There’s been a whole two weeks of bleak looking, dark skies here. Snow and ice was covering
the ground, and we’re beginning to complain about the weather. We try not to do this, because it doesn’t help and as everyone tells us: “you can’t do anything about the weather.” There’s another saying, too, and it really gets to the core of the problem: “If you can’t change it, then change your attitude.”
Winter depression is something many people suffer from. I’ve read where brain chemicals, ions in the air and genetics seem to be involved. Perhaps then, more than an attitude change is required. Regardless of the cause, there is no question that when the seasons change and there is fewer sunny days, some people suffer from what’s known as “seasonal affective disorder.” You’ll notice that this term produces the acronym SAD.
It’s during this time when I get out my favorite wool sweater, heat up the cider and sit by
the fireplace. Eventually, we’ll take off for Florida but until then and for all those unable to go to warmer, brighter climates, where does the solution lie? Such people have one thing in common, They are particularly sensitive to light, or the lack of it and may decide that bright light therapy is the treatment choice they need.
Recently I was flipping through a hymnal and a title of one of the songs caught my eye, “How Tedious and Tasteless the Hours.” I thought it was a rather strange hymn title. You generally don’t see words like tedious and tasteless used in a hymn book. I had never heard the song played and it was time for me to check
out the lyrics.
First of all, I looked for the name written to the left side, at the top of the page. John Newton was the writer of this song. Many of us remember reading how John Newton was converted to Christianity. God used a dreadful storm to get the attention of this wicked, blasphemous sailor. At the time, John cried out, asking God to have mercy on him, the ship and its crew. Then it struck him! “What mercy could there be for him?” he, who had long opposed God and the scriptures. The truth dawned on John Newton and he was gloriously saved. He went on to become a hymn writer, preaching and singing about the “Amazing Grace” of God, and the wonder of having a personal relationship with Him.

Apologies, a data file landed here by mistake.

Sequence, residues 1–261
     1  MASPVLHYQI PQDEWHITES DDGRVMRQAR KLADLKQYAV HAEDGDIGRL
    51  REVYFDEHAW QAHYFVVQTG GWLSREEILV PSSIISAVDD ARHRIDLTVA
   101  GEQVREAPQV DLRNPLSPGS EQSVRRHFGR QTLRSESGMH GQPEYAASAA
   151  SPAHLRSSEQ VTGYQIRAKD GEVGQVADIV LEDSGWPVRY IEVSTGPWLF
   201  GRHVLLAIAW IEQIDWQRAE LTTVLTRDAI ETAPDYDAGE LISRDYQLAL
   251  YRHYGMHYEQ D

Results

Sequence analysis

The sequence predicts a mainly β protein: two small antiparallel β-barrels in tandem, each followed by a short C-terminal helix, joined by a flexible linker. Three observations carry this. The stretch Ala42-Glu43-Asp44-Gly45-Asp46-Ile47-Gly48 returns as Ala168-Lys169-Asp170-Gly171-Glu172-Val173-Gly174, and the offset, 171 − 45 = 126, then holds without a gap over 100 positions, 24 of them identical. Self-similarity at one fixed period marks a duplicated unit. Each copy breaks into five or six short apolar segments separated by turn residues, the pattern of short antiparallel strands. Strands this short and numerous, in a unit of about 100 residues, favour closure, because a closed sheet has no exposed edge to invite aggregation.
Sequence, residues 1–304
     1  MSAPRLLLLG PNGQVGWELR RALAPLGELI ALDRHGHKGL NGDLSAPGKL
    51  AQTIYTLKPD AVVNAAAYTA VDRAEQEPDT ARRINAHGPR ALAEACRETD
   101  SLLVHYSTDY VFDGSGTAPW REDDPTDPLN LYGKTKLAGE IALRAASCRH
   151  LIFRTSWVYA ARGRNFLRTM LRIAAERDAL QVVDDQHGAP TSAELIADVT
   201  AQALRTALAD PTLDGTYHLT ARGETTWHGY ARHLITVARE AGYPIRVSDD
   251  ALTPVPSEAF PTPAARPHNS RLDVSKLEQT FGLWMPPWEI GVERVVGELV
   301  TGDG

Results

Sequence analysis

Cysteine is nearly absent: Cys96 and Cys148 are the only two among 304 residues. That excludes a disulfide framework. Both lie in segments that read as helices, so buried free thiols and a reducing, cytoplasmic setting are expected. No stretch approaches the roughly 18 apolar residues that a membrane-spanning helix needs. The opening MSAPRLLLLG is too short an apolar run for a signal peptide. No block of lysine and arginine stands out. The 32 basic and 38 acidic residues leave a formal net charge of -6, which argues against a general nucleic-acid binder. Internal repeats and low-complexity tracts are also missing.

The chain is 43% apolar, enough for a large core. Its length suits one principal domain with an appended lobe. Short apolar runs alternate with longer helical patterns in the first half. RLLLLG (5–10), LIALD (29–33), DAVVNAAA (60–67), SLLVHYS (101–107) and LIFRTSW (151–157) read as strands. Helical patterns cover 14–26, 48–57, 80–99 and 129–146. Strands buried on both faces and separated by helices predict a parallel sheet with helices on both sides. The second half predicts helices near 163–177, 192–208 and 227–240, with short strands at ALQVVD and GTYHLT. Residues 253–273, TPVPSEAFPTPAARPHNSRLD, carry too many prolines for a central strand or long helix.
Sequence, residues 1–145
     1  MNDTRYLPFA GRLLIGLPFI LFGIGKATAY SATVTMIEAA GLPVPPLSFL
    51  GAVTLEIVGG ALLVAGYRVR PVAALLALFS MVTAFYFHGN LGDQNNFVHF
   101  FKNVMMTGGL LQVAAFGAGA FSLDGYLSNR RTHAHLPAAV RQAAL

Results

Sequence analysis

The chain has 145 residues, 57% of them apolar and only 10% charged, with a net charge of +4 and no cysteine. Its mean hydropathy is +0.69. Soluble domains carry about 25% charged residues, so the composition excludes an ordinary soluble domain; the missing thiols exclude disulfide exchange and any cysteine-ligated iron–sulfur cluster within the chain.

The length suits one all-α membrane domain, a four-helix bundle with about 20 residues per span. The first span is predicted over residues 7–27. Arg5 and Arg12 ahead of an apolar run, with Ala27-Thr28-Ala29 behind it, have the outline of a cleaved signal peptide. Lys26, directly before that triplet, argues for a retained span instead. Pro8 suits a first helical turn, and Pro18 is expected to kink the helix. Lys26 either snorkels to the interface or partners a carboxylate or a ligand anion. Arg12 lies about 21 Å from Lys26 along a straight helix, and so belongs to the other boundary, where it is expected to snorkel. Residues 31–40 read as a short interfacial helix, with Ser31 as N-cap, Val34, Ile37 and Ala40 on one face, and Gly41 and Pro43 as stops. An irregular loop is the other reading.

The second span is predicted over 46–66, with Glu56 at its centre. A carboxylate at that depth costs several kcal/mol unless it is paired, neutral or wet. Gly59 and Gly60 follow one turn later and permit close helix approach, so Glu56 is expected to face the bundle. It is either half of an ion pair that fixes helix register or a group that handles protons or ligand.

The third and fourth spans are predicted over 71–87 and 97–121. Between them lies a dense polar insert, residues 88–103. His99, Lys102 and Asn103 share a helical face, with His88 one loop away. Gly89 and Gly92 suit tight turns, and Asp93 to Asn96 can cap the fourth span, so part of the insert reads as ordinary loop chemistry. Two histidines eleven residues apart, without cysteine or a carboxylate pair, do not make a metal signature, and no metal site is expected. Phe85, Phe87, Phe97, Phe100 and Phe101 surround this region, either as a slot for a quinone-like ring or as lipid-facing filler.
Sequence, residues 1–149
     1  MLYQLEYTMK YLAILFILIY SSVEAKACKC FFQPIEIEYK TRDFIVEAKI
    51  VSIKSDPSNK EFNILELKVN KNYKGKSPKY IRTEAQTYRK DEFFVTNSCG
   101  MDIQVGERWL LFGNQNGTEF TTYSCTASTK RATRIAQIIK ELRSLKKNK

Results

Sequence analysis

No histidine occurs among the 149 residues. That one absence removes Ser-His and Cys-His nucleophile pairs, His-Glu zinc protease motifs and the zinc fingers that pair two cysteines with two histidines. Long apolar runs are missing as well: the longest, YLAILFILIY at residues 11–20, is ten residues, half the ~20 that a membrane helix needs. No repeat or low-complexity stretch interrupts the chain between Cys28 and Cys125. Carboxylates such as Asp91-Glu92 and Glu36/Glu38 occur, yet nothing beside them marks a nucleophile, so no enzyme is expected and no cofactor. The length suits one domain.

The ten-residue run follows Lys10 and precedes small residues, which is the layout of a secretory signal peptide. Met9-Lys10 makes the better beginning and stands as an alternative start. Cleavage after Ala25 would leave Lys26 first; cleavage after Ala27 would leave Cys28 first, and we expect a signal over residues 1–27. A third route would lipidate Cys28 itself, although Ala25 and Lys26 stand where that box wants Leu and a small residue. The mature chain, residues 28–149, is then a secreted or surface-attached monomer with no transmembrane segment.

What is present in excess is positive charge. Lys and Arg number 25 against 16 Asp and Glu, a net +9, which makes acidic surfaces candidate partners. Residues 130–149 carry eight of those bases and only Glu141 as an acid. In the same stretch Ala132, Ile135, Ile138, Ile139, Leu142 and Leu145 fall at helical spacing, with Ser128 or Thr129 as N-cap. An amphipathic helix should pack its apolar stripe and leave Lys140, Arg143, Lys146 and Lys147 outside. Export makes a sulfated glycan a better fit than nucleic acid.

To my amazement, in this hymn with the most unusual title, John was writing about, of all
things, the seasons. I love the line that says, “December’s as pleasant as May.” We must look further in this song to find what John Newton’s mind set was and how he could have such a perspective.
The secret lies in the sentence preceding that startling statement. It reads, “But when I am happy with Him,” (December’s as pleasant as May). He was saying when he is content and happy in Jesus it didn’t matter what the season was.
Let’s look further at the lyrics. “Why do I languish and pine, And why are my winters so long?” Here he is saying why do I worry and fret, especially after the Lord has brought him through difficult times. “When Jesus I know longer see, Sweet prospects, sweet birds and sweet flowers, Have all lost their sweetness to me.” There is John’s perspective on the matter. When he loses sight of Jesus, everything loses its sweetness, no matter what the season.
One more line tells us that John asks God to drive the dark clouds from his sky. The lyrics show he knows the solution is for his soul to be cheered in God’s presence. And when he is happy, “My summer would last all the year.”
I am tempted to say, “Season’s Greetings,” but it seems too politically correct, besides Jesus is the reason for the season so I say ” Merry Christmas.” Christians love the Christmas season, but with it comes the bitter, cold weather season. With encouragement from John Newton, we must not let our spirits become bitter. Have a Merry Christmas!.
P.S.There is a heavenly perspective to consider here, however, some of you may decide that an artificial light box would be the ideal gift for you. 🙂